And oh, faithful readers are probably wondering how my time with Colin went. Well, after three months apart I was a bit worried that we wouldn’t click back in place, but it really was as if he had never left.  Seeing him appear from the terminal, all smiles, made every sucky, lonely moment of the last three months worth it.

Before my next personal blog post I’ll have moved back home for the summer. Strange. It’s always weird moving back home. Much like the end of a period of separation in a long distance relationship, moving back home after months away is both disorienting and startlingly normal. I’m going to miss my friends here, but I’m sure I’ll fall right back into my old routines. After all, I miss my family too, and it will be great to have a break from classes.

I suppose changing backwards is easier than changing forwards. Well, like all things, it’s only temporary.

A to I: Isthmus

Sue Anne had to look up “Isthmus“ in the dictionary before she moved to Nahant, Massachusetts. She’d lived in the hot, flat country her whole life and yearned for the ocean, for a small town. Nothing smaller than the smallest town in one of the smallest states, connected to the mainland by a strip of land the size of her pinkie.

She was thirty when her mother joined her father in the cemetery. She hadn’t visited him since they buried him there when she was eighteen. She waited until her mother’s coffin was in beside him, then had her Aunt drive her to the airport.

“You don’t have to disappear,” her Aunt said after a long silence. “I can help you with the baby, you don’t have to be alone.”

“Thank you,” Sue Anne said after another pause. “But I do.”

Her hands rested on her swelling belly. Only five months in. She did it artificially, which bothered her mother, but Sue Anne was desperate for children and not very desperate for a spouse. She was running out of time, and she knew that. She was running, and she knew that too.

Nahant. One square mile, though far from being square. It hung off the side of Massachusetts like a splinter. Surrounded by strange, Massachusetts-y sounding towns like Swampscott and Saugus and Peabody, it was easy to find from Boston. Sue Anne had bought a little, crumpled white house that was just far enough from the water that she would have to walk to the beach. She had only seen the house online, but in person it seemed even smaller. Perfect. She needed small.

It came fully furnished, smelling of moth balls and the old couple who had decided to drop everything and retire to Florida. The overcast sky and September chill made Sue Anne wonder if they had the right idea. No matter. A living room, a kitchen, two bedrooms, a bathroom, and a spare room. Perfect for her little family.

She didn’t like the furniture, but she didn’t bother buying anything new. It was free, after all, and the sailboats and fishing net décor did go well with the ocean and seagull sounds outside. She had a little yard, with a birdbath and a small brick border where a garden probably was at some point.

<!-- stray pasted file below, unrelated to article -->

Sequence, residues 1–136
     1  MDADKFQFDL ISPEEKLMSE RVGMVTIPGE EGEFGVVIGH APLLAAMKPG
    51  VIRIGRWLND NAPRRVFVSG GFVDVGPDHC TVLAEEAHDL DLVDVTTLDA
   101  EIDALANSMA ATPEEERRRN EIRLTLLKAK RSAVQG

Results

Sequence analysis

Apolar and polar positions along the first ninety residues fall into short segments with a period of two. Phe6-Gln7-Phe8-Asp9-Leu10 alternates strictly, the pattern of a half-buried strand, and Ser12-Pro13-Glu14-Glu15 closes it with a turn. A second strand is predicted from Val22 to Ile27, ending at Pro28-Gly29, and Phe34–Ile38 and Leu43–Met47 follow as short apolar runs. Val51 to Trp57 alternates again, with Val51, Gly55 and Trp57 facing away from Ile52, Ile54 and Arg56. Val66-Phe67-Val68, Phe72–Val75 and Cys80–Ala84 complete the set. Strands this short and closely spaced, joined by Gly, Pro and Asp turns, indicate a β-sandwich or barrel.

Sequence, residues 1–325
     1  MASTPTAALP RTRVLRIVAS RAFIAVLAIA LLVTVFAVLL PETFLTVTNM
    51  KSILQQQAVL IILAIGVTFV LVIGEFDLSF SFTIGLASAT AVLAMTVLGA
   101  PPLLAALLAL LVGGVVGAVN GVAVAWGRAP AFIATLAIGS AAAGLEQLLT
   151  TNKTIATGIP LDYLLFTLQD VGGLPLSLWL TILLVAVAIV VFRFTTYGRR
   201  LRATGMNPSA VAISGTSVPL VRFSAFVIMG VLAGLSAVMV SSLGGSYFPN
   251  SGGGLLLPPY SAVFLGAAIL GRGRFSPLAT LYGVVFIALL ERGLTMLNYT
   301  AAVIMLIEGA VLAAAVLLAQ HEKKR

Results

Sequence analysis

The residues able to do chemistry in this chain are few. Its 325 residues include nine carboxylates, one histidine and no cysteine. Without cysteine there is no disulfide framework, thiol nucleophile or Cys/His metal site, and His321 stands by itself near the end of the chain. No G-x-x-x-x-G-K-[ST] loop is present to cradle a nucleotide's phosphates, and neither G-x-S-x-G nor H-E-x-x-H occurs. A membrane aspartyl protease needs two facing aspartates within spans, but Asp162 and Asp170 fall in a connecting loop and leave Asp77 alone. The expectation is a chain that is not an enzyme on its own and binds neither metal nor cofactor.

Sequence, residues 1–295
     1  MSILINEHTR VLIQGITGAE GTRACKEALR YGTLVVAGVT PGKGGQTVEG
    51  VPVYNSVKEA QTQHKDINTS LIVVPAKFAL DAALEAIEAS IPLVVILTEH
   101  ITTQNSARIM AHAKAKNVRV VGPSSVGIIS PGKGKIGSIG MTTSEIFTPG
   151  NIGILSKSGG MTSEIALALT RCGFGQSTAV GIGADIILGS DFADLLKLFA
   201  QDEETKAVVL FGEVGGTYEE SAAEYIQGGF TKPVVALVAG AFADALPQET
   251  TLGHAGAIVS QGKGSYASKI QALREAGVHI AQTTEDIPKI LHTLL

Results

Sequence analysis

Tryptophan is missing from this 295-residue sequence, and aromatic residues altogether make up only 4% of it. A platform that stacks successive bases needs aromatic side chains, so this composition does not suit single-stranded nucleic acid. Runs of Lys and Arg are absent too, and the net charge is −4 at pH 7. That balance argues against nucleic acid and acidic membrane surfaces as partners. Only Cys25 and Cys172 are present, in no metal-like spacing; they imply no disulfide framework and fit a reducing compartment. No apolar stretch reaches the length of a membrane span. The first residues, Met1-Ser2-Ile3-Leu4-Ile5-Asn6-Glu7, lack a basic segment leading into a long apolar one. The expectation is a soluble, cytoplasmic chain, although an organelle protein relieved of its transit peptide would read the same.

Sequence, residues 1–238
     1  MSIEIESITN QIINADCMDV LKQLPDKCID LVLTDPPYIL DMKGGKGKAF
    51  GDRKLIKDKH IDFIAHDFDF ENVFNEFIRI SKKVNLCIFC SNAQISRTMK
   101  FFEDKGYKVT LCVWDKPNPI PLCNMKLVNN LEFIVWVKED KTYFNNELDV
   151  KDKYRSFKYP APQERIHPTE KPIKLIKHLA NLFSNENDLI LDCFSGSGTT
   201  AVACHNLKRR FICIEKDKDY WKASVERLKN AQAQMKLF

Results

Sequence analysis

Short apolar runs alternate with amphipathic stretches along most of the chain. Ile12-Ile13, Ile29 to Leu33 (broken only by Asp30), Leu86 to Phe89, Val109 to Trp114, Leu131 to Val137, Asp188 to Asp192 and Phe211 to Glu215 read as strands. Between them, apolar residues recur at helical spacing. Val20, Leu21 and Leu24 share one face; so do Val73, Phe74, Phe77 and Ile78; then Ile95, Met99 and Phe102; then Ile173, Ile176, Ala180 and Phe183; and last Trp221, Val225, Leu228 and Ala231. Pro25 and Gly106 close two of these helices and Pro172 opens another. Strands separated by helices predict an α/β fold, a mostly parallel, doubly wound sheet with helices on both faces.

She spent the night sitting on her porch in an old rocking chair, sipping at a glass of wine—the wine came with the house, too. One glass per day, the doctor had said, though she wasn’t sure if her fancy new Boston doctor would have a different idea. She rubbed her tummy. It pushed back.

She held perfectly still. Nothing…she rubbed her stomach again, firmly, and her stomach pushed back. Yes, definitely, that was her baby. It kicked her. She leaned back in her chair, and her baby settled down again. Sue Anne began crying, her tears as salty as the ocean air.

As she rubbed her tummy, holding her breath for another movement, a couple walked by her new house.

“Hello, neighbor!” The man said. “Are you moving in here, then? Do you need help?”

Sue Anne waved. “Oh, no, I’m all set, thank you.” Small town, Sue Anne, small town. “Would you like a glass of wine?”

They talked on Sue Anne’s porch for about an hour, and even made plans to have dinner the following weekend. Sue Anne kept feeling her stomach, waiting for more kicks, but her baby must be asleep.

The woman noticed first, and asked with careful words if Sue Anne was expecting. Yes, she was.

“There’s no father, before you wonder,” Sue Anne said. “I wanted a baby but I didn’t need a husband.”

They all laughed. As the couple left, to go pick up their children at school, they realized they had never exchanged names.

“I’m Suzie Quentin,” Sue Anne said. “They used to call me Suzie Q.”

As she said it, she remembered how the name used to make her furious, how it was the name her dad called her before Alzheimers made him call her a stranger, how she wanted Sue Anne because he never said that unless he was yelling at her, how Michael McClane, her high school sweetheart, broke up with her over the phone and said that he wished he could have his Suzie Q back. She realized, now in this tiny town with boxes to unpack and a fatherless baby in her belly, miles and years away from her father and her mother and her Michael, that she was ready to have Suzie Q back, too.

“Suzie Q,” the man said. “That’s a great name.”

And so, with everything else fighting for her to become an island, the name “Suzie Q” became a welcome isthmus.